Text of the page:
Caring for a loved one with heart failure means that unexpected trips to the ER may be a common reality. By keeping in mind some of these tips and info, you can stay prepared and in some cases avoid the ER altogether.
Avoiding the ER
”With my mother and her HFpEF, I was eventually able to detect what rose to the level of an ER visit. At times, simply getting her into a cool dark room would help the symptoms go away.”
Is it time to go to the ER?
When is a crisis a crisis? When should you call someone else for help? Get help when your loved one is in some kind of medical distress and you are not sure what to do. Call your local rapid-response number (e.g., 911 in the US or 112 in the EU) or an ambulance if the person you are caring for:
- Is unconscious.
- Has unexplained chest pain or pressure.
- Is having trouble breathing or is not breathing at all.
- Has no pulse.
- Is bleeding severely.
- Is vomiting blood or bleeding from the rectum.
- Has fallen and may have broken bones.
- Has had a seizure.
- Has a severe headache and/or slurred speech.
- Has pressure or severe pain in the abdomen that does not go away.
- Is unusually confused or disoriented.
Also Call for Help If:
- Moving the person could cause further injury.
- The person is too heavy for you to lift or help.
- Traffic or distance would cause a life-threatening delay in getting to the hospital.
For more specific information contact your loved one's physician.
Preparing a Go-Bag
What’s a Go Bag? Trips to the hospital are seldom planned, and the only thing that can make a stressful situation even more so is arriving without something you need. Having a bag already packed ahead of time, easily accessible and full of necessities, can give you and your loved peace of mind.
What Should Be in a Go Bag?
- Your loved one’s Patient File (containing their health records, insurance info, list of medications, and any legal documents)
- A blanket – waiting rooms can be chilly.
- Cell phone charger - so you can communicate with friends and family.
- Snacks – because who knows how long you may be left waiting at the ER.
- Change of clothes.
- Cards, a book, or anything to pass time while waiting.
- Keep the Go Bag in an accessible space, and let other family or friends know where it is in case they are taking your loved one to the ER.
Let Others Know Where the Go Bag Is. Other members of your loved one’s care team – friends or family members – may be the ones taking your loved one to the hospital. That is why it is important that all members of the care team know where the Go Bag is – and what is in it – in case of an emergency.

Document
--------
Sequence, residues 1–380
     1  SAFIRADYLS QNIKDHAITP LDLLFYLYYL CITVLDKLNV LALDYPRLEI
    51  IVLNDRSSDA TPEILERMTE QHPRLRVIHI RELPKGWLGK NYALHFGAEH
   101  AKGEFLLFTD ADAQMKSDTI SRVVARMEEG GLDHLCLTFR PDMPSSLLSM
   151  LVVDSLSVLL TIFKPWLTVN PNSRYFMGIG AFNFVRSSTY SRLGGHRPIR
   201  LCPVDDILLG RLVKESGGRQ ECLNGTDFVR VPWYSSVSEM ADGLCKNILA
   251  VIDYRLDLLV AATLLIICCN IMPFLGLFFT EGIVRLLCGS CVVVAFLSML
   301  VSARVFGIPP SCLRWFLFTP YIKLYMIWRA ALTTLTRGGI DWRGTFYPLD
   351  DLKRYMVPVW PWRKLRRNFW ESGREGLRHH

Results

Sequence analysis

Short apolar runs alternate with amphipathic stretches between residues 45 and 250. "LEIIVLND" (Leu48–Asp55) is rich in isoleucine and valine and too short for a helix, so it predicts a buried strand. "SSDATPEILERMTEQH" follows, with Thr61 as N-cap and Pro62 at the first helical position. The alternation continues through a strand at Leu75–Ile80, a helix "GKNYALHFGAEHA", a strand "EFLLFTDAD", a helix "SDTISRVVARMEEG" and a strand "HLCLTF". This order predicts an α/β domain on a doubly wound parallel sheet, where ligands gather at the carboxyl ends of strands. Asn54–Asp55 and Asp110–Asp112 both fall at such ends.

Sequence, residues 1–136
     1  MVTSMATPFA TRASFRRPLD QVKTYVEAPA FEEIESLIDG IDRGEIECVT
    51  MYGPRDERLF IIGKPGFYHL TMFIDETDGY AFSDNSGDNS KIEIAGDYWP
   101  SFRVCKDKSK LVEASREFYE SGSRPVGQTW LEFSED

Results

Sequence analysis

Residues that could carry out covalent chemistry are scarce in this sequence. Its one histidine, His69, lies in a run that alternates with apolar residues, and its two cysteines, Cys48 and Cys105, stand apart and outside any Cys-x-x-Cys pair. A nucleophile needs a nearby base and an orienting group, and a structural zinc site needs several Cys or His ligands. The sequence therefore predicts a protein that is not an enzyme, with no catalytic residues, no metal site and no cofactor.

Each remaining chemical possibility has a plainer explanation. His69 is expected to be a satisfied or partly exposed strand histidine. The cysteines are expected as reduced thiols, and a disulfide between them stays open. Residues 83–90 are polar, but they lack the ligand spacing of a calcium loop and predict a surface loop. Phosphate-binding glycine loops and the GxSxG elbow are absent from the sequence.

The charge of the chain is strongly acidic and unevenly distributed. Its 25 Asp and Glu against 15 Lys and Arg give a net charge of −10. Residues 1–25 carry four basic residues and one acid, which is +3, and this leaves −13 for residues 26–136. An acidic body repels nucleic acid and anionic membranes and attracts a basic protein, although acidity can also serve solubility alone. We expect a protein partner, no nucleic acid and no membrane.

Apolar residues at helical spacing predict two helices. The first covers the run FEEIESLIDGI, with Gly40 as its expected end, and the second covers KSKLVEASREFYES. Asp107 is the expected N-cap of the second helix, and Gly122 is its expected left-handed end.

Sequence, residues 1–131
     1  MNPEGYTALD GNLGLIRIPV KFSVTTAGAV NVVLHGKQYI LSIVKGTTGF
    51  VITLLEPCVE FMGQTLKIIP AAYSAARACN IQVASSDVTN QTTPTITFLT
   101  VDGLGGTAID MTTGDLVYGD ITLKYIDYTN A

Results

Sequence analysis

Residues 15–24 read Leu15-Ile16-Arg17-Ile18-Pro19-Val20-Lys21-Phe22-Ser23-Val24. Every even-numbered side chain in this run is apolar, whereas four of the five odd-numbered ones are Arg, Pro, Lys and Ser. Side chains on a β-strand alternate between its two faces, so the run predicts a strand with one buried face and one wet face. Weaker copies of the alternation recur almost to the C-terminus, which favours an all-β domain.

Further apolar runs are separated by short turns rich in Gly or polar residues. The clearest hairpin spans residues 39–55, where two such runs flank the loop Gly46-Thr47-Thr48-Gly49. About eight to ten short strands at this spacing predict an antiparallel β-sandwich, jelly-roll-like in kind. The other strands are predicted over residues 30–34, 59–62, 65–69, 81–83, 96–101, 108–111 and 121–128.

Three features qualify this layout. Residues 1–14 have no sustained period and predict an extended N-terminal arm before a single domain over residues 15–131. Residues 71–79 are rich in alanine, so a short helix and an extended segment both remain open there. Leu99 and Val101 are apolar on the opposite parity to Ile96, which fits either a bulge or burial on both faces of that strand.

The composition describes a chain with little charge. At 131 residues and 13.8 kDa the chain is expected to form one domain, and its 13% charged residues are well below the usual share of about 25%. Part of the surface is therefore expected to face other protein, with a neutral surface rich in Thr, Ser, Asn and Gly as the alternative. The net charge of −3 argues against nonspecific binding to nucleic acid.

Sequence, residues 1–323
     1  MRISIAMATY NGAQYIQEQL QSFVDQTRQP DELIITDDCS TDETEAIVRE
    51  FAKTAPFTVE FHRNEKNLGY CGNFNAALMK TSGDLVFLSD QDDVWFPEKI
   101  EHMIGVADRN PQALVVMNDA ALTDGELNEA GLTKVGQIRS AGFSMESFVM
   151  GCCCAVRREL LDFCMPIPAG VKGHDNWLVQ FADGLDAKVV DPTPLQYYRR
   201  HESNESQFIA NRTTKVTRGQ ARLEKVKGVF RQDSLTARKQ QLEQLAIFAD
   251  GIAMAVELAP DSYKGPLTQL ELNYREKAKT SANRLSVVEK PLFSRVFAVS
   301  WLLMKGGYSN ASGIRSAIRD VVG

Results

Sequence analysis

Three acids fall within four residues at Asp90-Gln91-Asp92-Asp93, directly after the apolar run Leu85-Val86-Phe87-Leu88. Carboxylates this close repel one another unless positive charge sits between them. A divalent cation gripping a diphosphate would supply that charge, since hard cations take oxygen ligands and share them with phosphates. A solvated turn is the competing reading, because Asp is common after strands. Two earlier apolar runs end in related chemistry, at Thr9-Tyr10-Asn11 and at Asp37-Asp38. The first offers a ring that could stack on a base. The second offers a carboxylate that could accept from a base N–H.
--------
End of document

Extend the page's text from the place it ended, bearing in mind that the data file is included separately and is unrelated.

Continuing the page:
Keep Contents Updated. Is the Patient File updated? Have the snacks you packed expired? Schedule regular checks of the Go Bag so you know everything is there and current!
10 Tips for an ER Visit
With heart failure, especially HFpEF and HFrEF, you may find some doctors (especially during an ER visit) won’t initially believe the diagnosis, creating a pretty frustrating situation for both you and your loved one. Keep these tips in mind for a successful and efficient trip to the ER.
10 Tips for an Effective ER Visit
1. Tell the doctor and emergency room staff that your loved one already has a heart failure diagnosis.
2. Know what symptoms to report.
Review the Crisis Symptom Reporting Guide and have your answers ready!
3. Have your "Caregiver Go Bag" ready.
Did you ever have a bag ready to go when expecting a child? Your Caregiver Go Bag is kind of like that! You might want to pack extra clothes for you and your loved one, a phone charger, something to read or a deck of cards, and some healthy snacks. Anything else you can think of?
4. Stay calm and introduce yourself.
Let the staff know who you are and that you are your loved one’s family caregiver. Your loved one may already be nervous or scared, and that is on top of the already hectic energy of an ER. Stay calm when you are with them.
5. Have your information ready.
Make sure to have your updated documents with you. Keep a copy of these in your Caregiver Go Bag.
6. Communicate needed information.
Provide documentation you have brought and answer any questions.
7. Stay out of the way and be patient.
Things are fast paced in the ER. Don’t get in the way of staff doing their job.
8. Ask for updates!
Don't hesitate to ask for updates.
9. Stay in touch with others.
You may want to provide updates to other family and friends, so they know what is going on. Did you remember to pack your phone charger in your Caregiver Go Bag?
10. Express your thanks!
Those in the ER have a tough job. Show you’re thankful for the care they are providing to your loved one.
What to Know at Discharge
After discharge from an emergency room, it’s important to follow-up with your loved one’s doctors and follow discharge instructions; including taking the medications as prescribed so you don’t wind up back in the hospital. 1 in 4 heart failure patients are readmitted within a month and more than half are readmitted within a year.
Ask for a Physical Copy of Medical Files
When your loved one is discharged from an ER visit or any procedure, it’s very important to ask for a printed copy of the paperwork so you can update your loved one’s patient file. Unless the ER is in your loved one’s doctor’s health system, electronic transfer of records may not always be as simple and seamless. While many apps and digital solutions can be a great solution, with HFpEF, it’s critical that you have the most up-to-date info about the diagnosis at your finger tips.